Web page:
Berlin - When Wiktoria B. talked about her mother Thursday morning, she started to cry in the courtroom. "My mom was an active woman," the 17-year-old witness said, turning to the judges. 

She brought photos that show how fun-loving her mother was. That is, until the accident on 31 August last year. Agnieszka T. had just picked up her daughter Wiktoria from dance class when a 530-hp BMW slammed into their small car at high speed on Kurfürstendamm.

The 45-year-old economist suffered severe brain and spinal injuries and likely will never recover. The witness suffered fractures of the collarbone and pelvis.

The trial of Robert S. began Thursday on charges of illegal racing, dangerous and serious bodily harm and hit-and-run. He is 29 years old, a locksmith by trade, and has no criminal record. He has been in custody since 2 October and has confessed to being the driver of the BMW 750i that raced along the Kudamm at up to 132 kilometers per hour before the accident.

A rented BMW

Robert S. fled the scene but was arrested by investigators four weeks later.  The charges carry a maximum sentence of 10 years but the suspect accepted a plea agreement of no more than four years in exchange for a confession.

"The allegations of the crime are true in their entirety," his lawyer said in court, reading from a statement. S. said an acquaintance had been visiting for a week, leading to the rental of the high-powered BMW - he normally drives a Renault station wagon.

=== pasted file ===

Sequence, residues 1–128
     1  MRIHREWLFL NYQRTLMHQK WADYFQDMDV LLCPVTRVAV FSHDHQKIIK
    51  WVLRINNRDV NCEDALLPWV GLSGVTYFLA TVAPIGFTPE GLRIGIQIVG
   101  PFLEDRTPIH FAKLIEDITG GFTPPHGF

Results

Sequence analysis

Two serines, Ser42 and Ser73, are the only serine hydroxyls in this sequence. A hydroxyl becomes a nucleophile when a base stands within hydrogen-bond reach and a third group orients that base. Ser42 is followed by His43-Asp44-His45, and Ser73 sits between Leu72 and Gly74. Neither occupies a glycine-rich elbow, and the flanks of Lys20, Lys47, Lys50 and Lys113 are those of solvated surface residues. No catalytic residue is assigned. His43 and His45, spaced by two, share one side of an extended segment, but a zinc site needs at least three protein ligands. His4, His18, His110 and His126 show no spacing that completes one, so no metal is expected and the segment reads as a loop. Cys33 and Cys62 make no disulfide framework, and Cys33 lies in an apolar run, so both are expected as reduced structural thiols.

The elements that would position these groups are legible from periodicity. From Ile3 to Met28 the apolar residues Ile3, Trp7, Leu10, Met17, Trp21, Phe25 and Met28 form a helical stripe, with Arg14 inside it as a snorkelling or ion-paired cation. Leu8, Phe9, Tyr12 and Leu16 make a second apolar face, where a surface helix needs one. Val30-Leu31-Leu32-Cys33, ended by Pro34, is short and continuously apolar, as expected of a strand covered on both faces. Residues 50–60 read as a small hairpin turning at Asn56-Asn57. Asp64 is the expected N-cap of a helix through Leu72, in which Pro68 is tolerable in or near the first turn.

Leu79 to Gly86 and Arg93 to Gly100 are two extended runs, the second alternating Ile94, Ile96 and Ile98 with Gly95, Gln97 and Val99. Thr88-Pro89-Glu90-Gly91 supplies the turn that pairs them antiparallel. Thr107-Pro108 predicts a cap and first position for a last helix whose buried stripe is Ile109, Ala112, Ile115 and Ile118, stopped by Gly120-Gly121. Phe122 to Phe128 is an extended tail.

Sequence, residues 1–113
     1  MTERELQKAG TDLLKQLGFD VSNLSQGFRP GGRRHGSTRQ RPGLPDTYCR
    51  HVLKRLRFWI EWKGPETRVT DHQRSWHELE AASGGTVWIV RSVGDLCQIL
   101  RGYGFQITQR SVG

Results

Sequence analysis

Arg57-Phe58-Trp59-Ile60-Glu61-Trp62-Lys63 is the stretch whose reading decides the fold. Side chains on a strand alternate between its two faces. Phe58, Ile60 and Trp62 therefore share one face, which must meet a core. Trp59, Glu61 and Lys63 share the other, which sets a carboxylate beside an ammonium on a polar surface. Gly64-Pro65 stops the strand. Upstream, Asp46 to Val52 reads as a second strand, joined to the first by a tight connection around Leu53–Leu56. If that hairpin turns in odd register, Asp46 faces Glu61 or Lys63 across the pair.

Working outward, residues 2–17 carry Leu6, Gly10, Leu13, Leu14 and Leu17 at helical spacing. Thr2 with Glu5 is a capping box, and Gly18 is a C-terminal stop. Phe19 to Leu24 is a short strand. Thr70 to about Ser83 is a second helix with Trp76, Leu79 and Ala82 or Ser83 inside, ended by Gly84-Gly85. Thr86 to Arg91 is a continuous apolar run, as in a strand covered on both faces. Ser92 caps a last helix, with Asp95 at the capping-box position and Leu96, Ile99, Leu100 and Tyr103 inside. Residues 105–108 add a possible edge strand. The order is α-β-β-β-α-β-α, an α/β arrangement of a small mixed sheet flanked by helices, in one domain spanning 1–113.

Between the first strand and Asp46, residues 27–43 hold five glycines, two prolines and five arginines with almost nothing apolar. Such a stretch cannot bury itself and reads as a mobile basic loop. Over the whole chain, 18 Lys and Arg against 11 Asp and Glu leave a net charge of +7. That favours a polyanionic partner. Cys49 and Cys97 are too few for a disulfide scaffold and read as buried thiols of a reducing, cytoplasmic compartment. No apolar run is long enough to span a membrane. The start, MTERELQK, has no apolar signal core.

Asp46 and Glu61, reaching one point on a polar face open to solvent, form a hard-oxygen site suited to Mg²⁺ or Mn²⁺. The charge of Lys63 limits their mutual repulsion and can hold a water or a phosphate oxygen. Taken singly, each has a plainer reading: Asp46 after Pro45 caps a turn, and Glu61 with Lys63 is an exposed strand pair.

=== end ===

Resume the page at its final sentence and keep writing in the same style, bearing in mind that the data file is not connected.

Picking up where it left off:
Wiktoria B. listened quietly to the confession. She visits her mother in the hospital every other day but corona makes more frequent visits impossible. She says only limited communication is possible with her mother, who had to be resuscitated several times after the accident.

Agnieszka T. now suffers from locked-in syndrome where she is trapped in her own paralysed body. The indictment says she will remain in severe need of care and will have to be mechanically ventilated and artificially fed for an unforeseeable period of time.

On the evening of the accident, the accused and his friend were out driving with his girlfriend when he turned from Lewishamstraße onto Kurfürstendamm and "floored it to the max to accelerate the BMW". He was hoping to impress his acquaintance and it was clear to him that he was endangering anyone on the road as well as pedestrians, his lawyer said. His actions took any possible injury into account.

"That it came to an accident with such serious injuries was unwanted," the accused said in the statement.

The suspect said the road had been clear. Although he let off the gas pedal when he saw a small car in the median at the corner of Cicerostraße waiting to cross Kudamm, he thought the driver had seen him.

"I pressed the gas pedal fully a second time, again trying to accelerate the BMW to the maximum. Then I saw the Ford drive off," Robert S said.

Photo: Morris Pudwell
The victims' Ford the night of the crash.

It was too late.

The defendant admits to having fled in panic after the accident. He and his friends took a cab home. He hoped to avoid being seen as the driver and cause of the accident.

He said he was aware of the suffering he caused the mother and daughter and regretted his actions. He said he has already made €10,000 available to the victims and hopes to pay the same amount again before a verdict is reached. The court has scheduled the trial to run for 10 days.


Andrew Bulkeley adapted this article from the original German